The term "probate" is associated with estate planning and describes the legal process by which a decedent’s will is processed by a special court. An executor of the estate is named to handle the decedent’s affairs and administer the estate throughout the probate process. Assets that are distributed under a will (or all assets in the absence of a will or other ownership forms) go through this process and are "subject to probate." Assets, distributions of which do not pass through a will, such as jointly owned property, life insurance (with properly selected beneficiaries), or those owned through a properly established revocable living trust, are not usually subject to probate.
Probate court records are public documents, meaning that others can learn about your family’s finances by reviewing these public records. Probate usually requires the services of an attorney, which costs money. Depending on the complexity of the estate, probate costs can range up to 5% of the value of the estate. Probate can also take time, often six months or more. During this time, the distribution of assets to heirs may be delayed.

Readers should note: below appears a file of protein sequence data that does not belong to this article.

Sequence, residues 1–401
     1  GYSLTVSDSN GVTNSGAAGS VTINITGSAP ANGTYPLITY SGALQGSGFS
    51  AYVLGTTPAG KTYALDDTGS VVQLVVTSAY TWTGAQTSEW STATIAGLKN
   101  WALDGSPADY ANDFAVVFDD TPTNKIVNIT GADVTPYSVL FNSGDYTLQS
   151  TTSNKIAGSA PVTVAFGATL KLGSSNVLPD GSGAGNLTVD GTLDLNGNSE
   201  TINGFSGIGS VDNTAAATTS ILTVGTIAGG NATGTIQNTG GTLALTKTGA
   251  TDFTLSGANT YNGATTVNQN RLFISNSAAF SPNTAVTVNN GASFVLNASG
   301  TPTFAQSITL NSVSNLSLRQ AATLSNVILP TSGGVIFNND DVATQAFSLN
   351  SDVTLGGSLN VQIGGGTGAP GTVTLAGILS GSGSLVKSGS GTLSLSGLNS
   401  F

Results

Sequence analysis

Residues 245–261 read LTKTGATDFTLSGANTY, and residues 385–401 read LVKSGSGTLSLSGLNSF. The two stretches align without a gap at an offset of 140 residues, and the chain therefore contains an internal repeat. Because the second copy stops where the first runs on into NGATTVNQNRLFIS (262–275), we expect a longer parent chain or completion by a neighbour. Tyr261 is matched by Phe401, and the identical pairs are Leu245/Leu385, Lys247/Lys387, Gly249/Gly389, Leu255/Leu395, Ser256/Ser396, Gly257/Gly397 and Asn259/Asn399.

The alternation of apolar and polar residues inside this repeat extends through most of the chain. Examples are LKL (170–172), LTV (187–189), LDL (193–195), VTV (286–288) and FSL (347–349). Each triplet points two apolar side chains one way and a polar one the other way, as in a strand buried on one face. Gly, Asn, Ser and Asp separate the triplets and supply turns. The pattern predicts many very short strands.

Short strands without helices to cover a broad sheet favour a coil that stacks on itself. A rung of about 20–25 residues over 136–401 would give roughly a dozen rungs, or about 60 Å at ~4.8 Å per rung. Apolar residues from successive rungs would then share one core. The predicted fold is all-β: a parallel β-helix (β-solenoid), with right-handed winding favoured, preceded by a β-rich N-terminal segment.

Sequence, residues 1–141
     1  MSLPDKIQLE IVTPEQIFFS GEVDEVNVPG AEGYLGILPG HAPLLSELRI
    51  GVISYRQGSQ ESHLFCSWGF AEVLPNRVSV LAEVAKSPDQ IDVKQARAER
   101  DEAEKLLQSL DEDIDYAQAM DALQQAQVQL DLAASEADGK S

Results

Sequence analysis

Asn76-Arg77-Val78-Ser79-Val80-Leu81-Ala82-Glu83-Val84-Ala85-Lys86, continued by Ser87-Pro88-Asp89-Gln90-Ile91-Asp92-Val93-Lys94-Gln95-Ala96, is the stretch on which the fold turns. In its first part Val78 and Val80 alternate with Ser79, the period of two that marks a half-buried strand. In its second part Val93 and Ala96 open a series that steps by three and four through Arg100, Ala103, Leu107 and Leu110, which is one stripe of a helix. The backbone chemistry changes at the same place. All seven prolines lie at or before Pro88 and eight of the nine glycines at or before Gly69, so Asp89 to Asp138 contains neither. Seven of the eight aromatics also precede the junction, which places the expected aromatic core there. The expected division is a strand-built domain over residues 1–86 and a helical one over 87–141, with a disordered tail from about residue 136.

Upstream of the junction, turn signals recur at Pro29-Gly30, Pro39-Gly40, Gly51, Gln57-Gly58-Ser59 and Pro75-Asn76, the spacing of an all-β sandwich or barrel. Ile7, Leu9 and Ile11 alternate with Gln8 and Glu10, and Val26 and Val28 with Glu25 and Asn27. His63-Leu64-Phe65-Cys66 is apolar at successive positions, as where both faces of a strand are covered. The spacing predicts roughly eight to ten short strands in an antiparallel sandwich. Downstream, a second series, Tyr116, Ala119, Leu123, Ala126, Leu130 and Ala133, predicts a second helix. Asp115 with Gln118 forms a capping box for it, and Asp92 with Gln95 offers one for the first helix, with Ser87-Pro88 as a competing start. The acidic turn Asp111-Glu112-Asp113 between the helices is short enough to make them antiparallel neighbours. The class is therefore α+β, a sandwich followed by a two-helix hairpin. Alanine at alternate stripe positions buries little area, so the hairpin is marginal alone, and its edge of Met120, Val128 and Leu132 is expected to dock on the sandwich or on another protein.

Planning for your estate can be confusing, complex, and is often a topic that most people want to avoid. However, sooner or later, we all are going to have an estate, and planning ahead can reduce the stress and anxiety surrounding the death of a loved one.
There are some ways to minimize the portion of your estate subject to probate through the ownership form you choose for certain assets. For example, if you own real estate jointly with the right of survivorship, upon your death the title passes to the survivor directly, avoiding probate. The beneficiary designations of your retirement plan and IRAs can also be used to keep those assets out of the probate process by naming a person (or persons) instead of your estate as beneficiary.
Another way to avoid probate is by owning assets in a "revocable living trust." As the name implies, these trusts are established when the grantor is still alive and since they are revocable, the grantor retains the power to revoke or amend the trust as he or she wishes. A trust document establishes the trust, names the trustee (usually the grantor), names a successor trustee (someone to take control if the trustee becomes disabled), often a trusted family member, and describes how assets are to be managed and ultimately distributed from the trust.
After the trust is established, assets are transferred into the trust by the grantor and the grantor continues to manage them. The grantor reports the taxable income from those assets on his or her individual tax return. The assets are owned by the trust, but there is no change in the control or tax treatment of the assets. When the grantor dies, the assets in the trust are distributed under the terms of the trust document in a way similar to how a will describes how assets in an estate are distributed, only without going through the probate process.
Avoiding probate is just one of the issues associated with planning for an estate. The services of a qualified estate planning professional are essential, especially if your estate is large or complex.